Denying Methadone Patients Medical Care

The bias and misunderstandings about methadone as a medication often result in methadone patients being refused medical care (Umbricht-Schneiter, 1994; Zweben and Sorensen, 1988). Another common scenario is that their medication is used to coerce or manipulate methadone patients into medical treatment (Blansfield, 1992).

In other areas of medicine such actions would be considered unethical and even illegal. Coercive practices are not even taken into account when the patient is taking methadone even though they would be unacceptable in any other area of medicine (Payte, 1991). Methadone patients find no “middle ground” when it comes to their health and medical care.

Refusing methadone patients adequate or in many cases any medical care at all places their health in constant jeopardy. When an infectious disease or condition is involved the patient’s family and the community is placed at risk for being infected. Furthermore, the cost of untreated diseases and medical conditions create an enormous public health problem that is not being addressed, or even recognized.

Medical Education

Physicians are not given the proper education about methadone as a medication to treat opiate dependency during their medical training (Dole, 1991; Joseph, 1995). This results in a bias towards methadone treatment and methadone patients that is based on myths and beliefs rather than science (Blansfield, 1992). The popular press and discussions with friends have replaced the medical textbook and knowledgeable teachers. Very often medical schools have a built in bias when opiate addiction is included in the curriculum. This has occurred because physicians were the first group persecuted by the Harrison Narcotic Act of 1916. Although the reasons for these views have been forgotten medical schools will still instruct students that opiate addiction is a criminal problem and therefore, not their concern. Thus a physician’s perception of an opiate addict and methadone patient are iniquitous, and very often they equate the two. Methadone patients are not considered as productive and functional individuals capable of their own self-determination. The medical profession does not understand methadone treatment as a medication used to control a chronic brain disorder. They do not understand that methadone normalizes metabolic function and often tell patients that it is better for their health to get off of methadone, which is in opposition of science and medicine.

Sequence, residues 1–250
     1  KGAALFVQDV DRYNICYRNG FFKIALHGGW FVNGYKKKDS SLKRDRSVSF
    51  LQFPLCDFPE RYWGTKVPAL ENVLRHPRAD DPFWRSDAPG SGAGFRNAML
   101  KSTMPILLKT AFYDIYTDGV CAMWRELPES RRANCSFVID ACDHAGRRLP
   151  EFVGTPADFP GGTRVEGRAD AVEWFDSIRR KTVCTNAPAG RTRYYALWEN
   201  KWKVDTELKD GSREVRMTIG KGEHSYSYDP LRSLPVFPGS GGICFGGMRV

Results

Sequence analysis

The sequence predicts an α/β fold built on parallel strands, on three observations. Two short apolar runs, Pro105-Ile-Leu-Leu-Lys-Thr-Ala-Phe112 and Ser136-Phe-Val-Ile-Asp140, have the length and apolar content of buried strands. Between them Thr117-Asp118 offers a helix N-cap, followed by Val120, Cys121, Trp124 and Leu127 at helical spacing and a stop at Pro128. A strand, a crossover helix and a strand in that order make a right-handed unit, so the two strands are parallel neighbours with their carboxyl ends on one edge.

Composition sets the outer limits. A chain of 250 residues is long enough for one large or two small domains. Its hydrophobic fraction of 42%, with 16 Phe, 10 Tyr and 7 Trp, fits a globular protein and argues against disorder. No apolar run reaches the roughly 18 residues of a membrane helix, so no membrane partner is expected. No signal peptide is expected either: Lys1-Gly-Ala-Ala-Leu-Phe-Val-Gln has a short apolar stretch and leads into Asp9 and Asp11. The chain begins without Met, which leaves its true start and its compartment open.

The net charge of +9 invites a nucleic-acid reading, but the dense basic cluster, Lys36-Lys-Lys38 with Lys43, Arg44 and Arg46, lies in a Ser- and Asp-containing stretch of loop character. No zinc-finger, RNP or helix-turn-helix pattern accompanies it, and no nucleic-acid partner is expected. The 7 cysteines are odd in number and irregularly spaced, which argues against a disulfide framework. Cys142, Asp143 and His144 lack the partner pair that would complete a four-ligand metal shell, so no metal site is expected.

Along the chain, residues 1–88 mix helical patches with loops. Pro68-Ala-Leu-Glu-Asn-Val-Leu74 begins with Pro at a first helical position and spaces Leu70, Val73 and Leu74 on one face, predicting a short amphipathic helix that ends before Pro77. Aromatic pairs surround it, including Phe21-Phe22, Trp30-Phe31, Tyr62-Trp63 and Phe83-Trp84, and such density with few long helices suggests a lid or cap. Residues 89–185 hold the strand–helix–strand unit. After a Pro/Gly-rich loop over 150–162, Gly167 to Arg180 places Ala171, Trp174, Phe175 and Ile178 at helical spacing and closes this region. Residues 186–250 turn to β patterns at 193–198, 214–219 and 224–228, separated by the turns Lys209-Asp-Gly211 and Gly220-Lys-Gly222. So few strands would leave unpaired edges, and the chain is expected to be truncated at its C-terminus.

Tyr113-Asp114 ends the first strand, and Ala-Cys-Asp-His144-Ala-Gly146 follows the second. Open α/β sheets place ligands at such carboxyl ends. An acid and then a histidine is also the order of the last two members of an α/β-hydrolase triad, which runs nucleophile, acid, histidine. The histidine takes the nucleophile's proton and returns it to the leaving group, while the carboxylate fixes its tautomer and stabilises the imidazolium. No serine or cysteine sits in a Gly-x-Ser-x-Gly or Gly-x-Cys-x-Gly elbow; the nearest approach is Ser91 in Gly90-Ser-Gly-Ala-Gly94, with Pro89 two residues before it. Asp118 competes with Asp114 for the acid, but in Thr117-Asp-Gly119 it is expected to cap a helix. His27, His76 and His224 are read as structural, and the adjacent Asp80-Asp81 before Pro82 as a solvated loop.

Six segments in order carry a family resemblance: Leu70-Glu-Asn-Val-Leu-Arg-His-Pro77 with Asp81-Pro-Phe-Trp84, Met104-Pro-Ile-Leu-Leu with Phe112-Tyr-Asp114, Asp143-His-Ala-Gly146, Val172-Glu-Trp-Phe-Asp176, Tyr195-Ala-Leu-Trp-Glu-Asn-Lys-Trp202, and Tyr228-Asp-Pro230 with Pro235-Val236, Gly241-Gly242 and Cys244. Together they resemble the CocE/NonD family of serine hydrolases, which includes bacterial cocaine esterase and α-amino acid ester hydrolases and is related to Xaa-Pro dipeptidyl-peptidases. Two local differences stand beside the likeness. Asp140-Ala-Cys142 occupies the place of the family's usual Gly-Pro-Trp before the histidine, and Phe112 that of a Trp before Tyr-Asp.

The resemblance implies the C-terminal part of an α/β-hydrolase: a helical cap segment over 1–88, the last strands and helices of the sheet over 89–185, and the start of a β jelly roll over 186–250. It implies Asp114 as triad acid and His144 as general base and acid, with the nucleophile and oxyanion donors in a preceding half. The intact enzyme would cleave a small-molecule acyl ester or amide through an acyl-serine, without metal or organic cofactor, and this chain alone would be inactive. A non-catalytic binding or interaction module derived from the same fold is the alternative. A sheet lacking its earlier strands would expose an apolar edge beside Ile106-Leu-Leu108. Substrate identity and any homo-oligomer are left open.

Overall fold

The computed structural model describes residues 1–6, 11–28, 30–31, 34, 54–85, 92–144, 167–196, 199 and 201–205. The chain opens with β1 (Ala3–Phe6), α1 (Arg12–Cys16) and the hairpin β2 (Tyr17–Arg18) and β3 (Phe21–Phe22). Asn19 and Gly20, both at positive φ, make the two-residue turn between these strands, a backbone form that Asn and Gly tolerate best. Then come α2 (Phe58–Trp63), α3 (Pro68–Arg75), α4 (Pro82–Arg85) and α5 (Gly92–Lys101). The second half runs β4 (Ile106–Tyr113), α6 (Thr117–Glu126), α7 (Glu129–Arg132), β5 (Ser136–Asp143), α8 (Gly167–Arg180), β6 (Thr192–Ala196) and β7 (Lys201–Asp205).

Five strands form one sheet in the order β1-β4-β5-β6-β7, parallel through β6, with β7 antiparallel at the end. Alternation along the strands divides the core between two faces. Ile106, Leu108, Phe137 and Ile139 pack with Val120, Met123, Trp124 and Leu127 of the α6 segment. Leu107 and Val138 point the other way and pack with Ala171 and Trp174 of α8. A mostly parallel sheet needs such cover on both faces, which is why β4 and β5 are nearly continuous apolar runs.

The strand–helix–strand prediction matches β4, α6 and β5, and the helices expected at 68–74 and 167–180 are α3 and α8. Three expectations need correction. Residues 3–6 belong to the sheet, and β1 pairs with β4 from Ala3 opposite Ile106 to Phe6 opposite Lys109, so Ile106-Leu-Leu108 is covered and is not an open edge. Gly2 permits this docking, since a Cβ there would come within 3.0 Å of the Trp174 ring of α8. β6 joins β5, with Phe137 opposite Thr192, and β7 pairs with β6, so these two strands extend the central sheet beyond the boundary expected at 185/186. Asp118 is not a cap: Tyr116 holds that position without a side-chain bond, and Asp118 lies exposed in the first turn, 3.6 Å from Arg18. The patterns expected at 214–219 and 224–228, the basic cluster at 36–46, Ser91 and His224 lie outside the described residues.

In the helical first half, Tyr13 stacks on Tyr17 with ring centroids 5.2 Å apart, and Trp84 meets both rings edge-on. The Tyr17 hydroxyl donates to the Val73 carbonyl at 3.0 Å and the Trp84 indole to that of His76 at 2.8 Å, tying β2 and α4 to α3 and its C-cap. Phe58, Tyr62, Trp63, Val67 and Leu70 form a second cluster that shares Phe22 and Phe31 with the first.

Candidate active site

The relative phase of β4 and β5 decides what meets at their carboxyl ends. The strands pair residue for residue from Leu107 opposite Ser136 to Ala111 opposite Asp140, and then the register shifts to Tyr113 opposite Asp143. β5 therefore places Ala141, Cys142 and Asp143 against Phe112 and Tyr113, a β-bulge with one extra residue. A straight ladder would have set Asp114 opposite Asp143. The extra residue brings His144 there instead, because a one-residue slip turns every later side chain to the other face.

Going to The Doctor Can Be Bad for Your Health

There have been a few studies conducted on health care and methadone patients. One study compared methadone patients treated in their methadone clinic to a group referred to mainstream medical clinics (Umbricht-Schneiter, 1994). It was found that clinic group received treatment 92% as opposed to 35% of the referred group. The reasons given for the differences between the two groups were that (1) patients feared discrimination or hostility (2) may be withdrawn from methadone if they are hospitalized and (3) four mainstream off site clinics totally refused to participate in the study. It must be noted that the quality of care was not considered for this study only if the methadone patient was treated. Knowing the discrimination that methadone patients experience if quality of the service was measured more than likely the differences would be greater.

Pain Medication